Posts Tagged: costs

News

Small town eyes CalPERS exit costs

Calpensions: A small but affluent Orange County city, with a current staff of only a half dozen employees, would have to pay about $3.6 million to leave CalPERS, the giant state pension system estimated two years ago. “I almost feel like just handing this to a reporter and saying, ‘Look at this.’

News

Talks loom on statewide pension reform

Calpensions: Backers of a Ventura County pension reform initiative, which was removed from the November ballot recently by a judge last week, are not appealing the ruling. But they may meet with other reformers after the elections this fall to discuss a statewide pension reform initiative.

Opinion

Minimum wage: Let companies raise it themselves

OPINION: The Congressional Budget Office report also shows that under the hike to $9 per hour, 300,000 people would be lifted out of poverty. However, another estimated 100,000 to 200,000 people would lose their jobs. If the wage increases to $10.10 per hour the number of people being raised out of poverty would rise to 900,000 while 500,000 people would lose their jobs.

News

Clock ticking on CalSTRS shortfall

Getting CalSTRS back to full funding, if rates are steadily increased over the next half dozen years, would take an annual increase reaching more than $5 billion a year by 2020 — about what the state general fund currently spends on UC and CSU combined. (Photo: CalSTRS lobby, Paul Housberg)

News

Gender bias in long-term care costs

California, home to the largest number of older adults in the nation, would become the third state after Colorado and Montana to prohibit using sex as a means to differentiate the prices in long-term care policies — if the measure ultimately becomes law. “I term out in November… so this is my first and last opportunity — as an Assembly member anyway — to take this issue up,” said Assemblywoman Mariko Yamada, D-Davis. Her bill is AB 1553, introduced Jan. 27.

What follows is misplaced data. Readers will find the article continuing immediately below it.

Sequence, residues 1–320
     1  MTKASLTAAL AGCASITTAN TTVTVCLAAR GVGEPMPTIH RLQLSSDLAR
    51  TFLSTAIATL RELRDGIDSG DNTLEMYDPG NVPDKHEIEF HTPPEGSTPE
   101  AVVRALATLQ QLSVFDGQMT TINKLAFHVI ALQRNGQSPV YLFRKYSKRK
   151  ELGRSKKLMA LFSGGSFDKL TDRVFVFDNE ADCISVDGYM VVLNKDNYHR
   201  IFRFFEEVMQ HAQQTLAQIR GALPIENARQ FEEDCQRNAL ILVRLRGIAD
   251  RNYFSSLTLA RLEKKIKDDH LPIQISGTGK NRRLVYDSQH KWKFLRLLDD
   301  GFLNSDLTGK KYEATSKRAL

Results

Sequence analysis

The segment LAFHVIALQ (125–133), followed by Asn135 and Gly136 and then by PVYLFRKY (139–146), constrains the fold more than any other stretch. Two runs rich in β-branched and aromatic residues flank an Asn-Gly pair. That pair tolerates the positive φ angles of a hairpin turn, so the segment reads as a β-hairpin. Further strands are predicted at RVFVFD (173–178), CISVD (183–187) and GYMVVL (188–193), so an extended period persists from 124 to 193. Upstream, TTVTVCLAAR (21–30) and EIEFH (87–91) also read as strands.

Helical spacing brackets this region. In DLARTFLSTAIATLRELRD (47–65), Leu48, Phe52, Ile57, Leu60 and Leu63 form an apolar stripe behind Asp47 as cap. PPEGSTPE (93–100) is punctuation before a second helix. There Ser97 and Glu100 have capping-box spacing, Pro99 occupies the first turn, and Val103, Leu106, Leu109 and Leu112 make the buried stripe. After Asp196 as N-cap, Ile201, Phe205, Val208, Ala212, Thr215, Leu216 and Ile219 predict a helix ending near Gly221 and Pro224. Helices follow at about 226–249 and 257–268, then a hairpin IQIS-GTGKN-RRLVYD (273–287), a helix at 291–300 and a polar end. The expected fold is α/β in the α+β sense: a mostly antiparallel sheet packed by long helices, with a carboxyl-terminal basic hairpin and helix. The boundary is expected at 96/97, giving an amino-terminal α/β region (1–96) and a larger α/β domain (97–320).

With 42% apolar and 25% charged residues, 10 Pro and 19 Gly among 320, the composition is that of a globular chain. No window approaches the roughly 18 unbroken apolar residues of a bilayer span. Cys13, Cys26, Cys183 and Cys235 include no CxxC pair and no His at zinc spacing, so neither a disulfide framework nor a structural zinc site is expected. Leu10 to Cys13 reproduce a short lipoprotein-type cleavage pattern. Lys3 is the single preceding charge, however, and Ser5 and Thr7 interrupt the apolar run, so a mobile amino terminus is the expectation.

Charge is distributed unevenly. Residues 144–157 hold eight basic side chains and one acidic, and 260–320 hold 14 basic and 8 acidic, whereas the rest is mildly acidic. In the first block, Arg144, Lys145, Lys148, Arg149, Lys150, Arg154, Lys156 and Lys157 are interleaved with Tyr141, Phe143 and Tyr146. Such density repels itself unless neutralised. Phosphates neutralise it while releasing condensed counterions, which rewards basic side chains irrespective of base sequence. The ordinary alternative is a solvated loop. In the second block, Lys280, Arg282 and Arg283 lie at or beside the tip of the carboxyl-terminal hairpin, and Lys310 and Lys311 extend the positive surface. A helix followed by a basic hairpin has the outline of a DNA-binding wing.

News

LAO eyes pension initiative

A major public pension reform initiative got a mixed cost analysis last week from the nonpartisan Legislative Analyst’s Office. The measure would give state and local governments the option of cutting retirement benefits current workers earn in the future, while preserving benefits already earned through past service.

Opinion

Gov’t rules fuel hospital prices

OPINION: Just as patients don’t want to see a $15 charge for an aspirin on their hospital bill, hospitals don’t want to charge patients those prices. Hospital pricing has evolved because of decades of government regulations, cost shifts to private payers and unfunded government mandates (including expensive seismic retrofitting), inadequate Medicare and Medicaid reimbursements, and the obligation for hospitals to treat all patients, regardless of ability to pay.

Opinion

ACA: ‘Mom and Pop’ firms shunned

OPINION: Sadly as we witness the Affordable Care Act unfold, we’re seeing the exact opposite. We’re finding “mom and pop” small businesses – indeed, our leading job creators – not just marginalized, but much of the time left out of the discussion altogether.

News

Bigger health care bite for state retirees

The rapidly growing cost of state worker retiree health care, a more generous benefit than received by active state workers, soon could be taking a bigger bite out of the state general fund than pensions. As if trading places, a new forecast expects the annual general fund payment for state worker retiree health care, now $500 million less than the payment for pensions, to be $500 million more than the pension payment in six years.

News

State’s finances showing strength

In 2013, the Legislature and the Governor agreed to a restrained state budget for 2013–14, and our forecast of state tax revenue collections has increased since last year. Accordingly, we now find that California’s state budget situation is even more promising than we projected one year ago.

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